Most palm oil is produced in Malaysia and Indonesia on land that was once thriving rainforest. As global demand grows, more and more forests are being cleared.

In areas such as Borneo and Sumatra, rich in biodiversity, deforestation can be catastrophic. Endangered species including orang-utans, tigers, elephants and rhinos are losing critical habitats, pushing them toward extinction.

In 2004, WWF helped set up the Roundtable on Sustainable Palm Oil (RSPO), a group that includes every link in the global supply chain, from growers and processors, to food companies and retailers and investors.

With the RSPO, WWF developed a set of international standards for responsible palm oil production. Producers that show they meet these criteria are able to sell certified sustainable palm oil. That means companies that use it in their lipstick, soap, margarine or whatever else can make the same guarantee to their customers.

Certified sustainable palm oil cannot be grown in place of primary forest or in important conservation areas. Growers have to use the best growing practices to keep soil and water supplies healthy, and to reduce pollution and carbon emissions. They also need to pay a decent wage and respect the rights of workers and communities.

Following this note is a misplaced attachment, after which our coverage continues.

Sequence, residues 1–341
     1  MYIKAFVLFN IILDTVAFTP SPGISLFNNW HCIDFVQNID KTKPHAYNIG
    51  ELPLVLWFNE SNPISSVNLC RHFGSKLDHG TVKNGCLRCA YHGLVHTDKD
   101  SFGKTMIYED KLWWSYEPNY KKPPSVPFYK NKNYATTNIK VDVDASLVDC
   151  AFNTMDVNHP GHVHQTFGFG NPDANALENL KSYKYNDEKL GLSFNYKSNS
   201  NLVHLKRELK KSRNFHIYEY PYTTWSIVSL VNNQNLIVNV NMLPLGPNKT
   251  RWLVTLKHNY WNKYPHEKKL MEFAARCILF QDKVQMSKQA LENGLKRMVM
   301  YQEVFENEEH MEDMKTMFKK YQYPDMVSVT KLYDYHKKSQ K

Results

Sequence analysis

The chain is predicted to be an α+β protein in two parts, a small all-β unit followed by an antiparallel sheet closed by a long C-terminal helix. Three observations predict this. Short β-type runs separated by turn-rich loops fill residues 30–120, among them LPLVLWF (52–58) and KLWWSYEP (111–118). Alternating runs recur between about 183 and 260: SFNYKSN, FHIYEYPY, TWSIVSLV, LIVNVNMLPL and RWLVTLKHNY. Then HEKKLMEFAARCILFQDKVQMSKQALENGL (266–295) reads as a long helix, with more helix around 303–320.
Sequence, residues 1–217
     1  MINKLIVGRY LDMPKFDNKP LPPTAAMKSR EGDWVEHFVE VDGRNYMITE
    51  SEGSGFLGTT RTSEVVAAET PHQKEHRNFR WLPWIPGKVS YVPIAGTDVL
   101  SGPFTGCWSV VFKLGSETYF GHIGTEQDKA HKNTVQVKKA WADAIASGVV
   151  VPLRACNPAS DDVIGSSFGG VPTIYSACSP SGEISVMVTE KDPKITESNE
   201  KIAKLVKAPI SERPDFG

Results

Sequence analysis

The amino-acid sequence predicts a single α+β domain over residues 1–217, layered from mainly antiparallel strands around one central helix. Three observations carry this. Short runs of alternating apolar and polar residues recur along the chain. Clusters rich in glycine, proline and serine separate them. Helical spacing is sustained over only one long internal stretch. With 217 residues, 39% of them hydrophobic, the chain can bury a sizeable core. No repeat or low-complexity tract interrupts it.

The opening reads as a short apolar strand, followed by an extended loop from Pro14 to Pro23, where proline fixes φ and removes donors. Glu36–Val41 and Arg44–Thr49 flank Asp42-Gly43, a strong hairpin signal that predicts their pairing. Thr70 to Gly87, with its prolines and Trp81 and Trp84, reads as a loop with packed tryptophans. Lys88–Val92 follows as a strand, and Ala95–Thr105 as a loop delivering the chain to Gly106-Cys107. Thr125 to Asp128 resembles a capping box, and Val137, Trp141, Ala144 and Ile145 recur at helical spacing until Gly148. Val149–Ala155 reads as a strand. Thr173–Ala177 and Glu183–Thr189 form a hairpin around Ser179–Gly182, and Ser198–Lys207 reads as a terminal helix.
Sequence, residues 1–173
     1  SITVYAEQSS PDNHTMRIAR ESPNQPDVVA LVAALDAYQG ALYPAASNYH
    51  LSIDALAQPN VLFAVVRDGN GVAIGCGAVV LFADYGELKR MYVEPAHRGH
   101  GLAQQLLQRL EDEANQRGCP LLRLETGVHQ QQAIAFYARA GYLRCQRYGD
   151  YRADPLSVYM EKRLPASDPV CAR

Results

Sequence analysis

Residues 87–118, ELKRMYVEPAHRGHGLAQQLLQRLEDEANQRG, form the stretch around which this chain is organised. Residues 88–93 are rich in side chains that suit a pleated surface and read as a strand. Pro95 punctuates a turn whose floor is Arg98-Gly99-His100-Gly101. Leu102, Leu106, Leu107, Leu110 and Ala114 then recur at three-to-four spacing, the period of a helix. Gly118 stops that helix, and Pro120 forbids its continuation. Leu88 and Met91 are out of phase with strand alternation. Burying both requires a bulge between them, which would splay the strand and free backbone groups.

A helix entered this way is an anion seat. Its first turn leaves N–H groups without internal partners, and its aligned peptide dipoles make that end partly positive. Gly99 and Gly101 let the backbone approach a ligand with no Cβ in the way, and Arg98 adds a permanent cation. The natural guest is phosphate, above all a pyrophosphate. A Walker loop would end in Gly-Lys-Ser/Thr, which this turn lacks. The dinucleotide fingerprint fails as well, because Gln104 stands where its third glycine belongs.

The first certified sustainable palm oil came on to the market in September 2008. Today, about 6.4% of all palm oil is certified sustainable.

By looking out for CSPO, the label for sustainable palm oill, you’ll be able to buy these products safe in the knowledge that you’re not contributing to the destruction of the rainforests.

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